As new parents of a child with Down syndrome, you already have your hands full just trying to get acclimated to this new country, to obtain the correct guidebooks and learn a few words of Dutch. Therefore, you are understandably skeptical when someone suggests that one of the new people you should meet is a physical therapist. They are recommending that you start your new infant in regular physical therapy. Why physical therapy? Don't children with Down syndrome learn to walk and run, just like other children do?
When an adult with Down syndrome is diagnosed with Alzheimer's disease, we focus on "the four S's": Safety, Stability (of the environment), Social (emotional) issues, and Symptoms. As the adult with Down syndrome experiences greater decline, family or caregivers will often have difficulty maintaining a safe environment. Falling because of gait apraxia, wandering from home, and touching or using objects in the home that can be harmful if used inappropriately (e.g., the stove) can all be problems that the family or caregiver cannot prevent. In addition, when the adults become bed-bound, frequent turning or changing the position to prevent bedsores is necessary and may be more than the family can provide. Safety is frequently the concern that requires a change in living arrangements and, if no specialty care programs are available, may require admission to a nursing facility.
In the metropolitan Chicago area, the NADS has been providing advocacy services for persons with Down syndrome since 1961. This voluntary association was started by parents of young children and, therefore, for a number of years their focus was on children and adolescents with Down syndrome. However, as their sons and daughters grew beyond childhood, new concerns became evident.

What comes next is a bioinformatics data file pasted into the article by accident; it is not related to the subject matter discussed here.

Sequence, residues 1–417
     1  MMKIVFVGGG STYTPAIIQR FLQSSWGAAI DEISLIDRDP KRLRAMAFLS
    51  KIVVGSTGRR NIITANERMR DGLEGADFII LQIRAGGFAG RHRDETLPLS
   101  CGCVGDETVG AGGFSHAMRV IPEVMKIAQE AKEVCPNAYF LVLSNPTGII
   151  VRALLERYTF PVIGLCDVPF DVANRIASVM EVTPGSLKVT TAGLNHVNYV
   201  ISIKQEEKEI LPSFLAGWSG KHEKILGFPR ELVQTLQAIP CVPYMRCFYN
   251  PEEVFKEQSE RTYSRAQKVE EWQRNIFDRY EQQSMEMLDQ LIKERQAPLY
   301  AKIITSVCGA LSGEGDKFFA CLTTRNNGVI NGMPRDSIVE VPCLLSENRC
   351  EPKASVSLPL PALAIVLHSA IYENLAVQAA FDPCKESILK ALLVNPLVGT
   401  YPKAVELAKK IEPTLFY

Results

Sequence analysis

Learning to speak, as well as learning in general, becomes even more of a challenge when someone is faced with an additional disability of not hearing or not hearing clearly. Learning to read, if one cannot clearly distinguish sounds or hear sounds, can be frustrating. Early detection of hearing problems with children in general and our children with Down syndrome is essential. Otolaryngologists (Ear, Nose, Throat physicians/ENT) and audiologists are the professionals who can help diagnose and treat hearing problems.
A review of diagnosed disorders from the current clinical sample of the Adult Down Syndrome Center supports previous case reports showing reversible disorders, such as depression, to be a predominant cause of loss of functioning in this population. Of the 443 adults with Down syndrome seen at the Center, 148 (33%) have presented with a decline in function.
Careful evaluation of a person with Down syndrome who has a decline in function has broader public health implications. Many of the adults we have seen for a decline in function have either previously been given the diagnosis of Alzheimer's disease or there was a strong suspicion by the family or caregivers that the person had Alzheimer's disease. In discussing the concern with the family or caregiver, it is clear that many people believe that all persons with Down syndrome will develop Alzheimer's disease. Our experience and the research of others would suggest that not all persons with Down syndrome will develop clinical dementia stemming from Alzheimer's disease. The exact prevalence of Alzheimer's disease in persons with Down syndrome is still being investigated.
Alzheimer's Disease, a degenerative neurological disorder characterized by progressive memory loss, personality deterioration and loss of functional motor capabilities, is far more common in individuals with Down syndrome than the general population. However, not all individuals with Down syndrome will develop Alzheimer's disease, and even those showing Alzheimer's-type symptoms may not have Alzheimer's disease since other conditions can mimic the symptoms.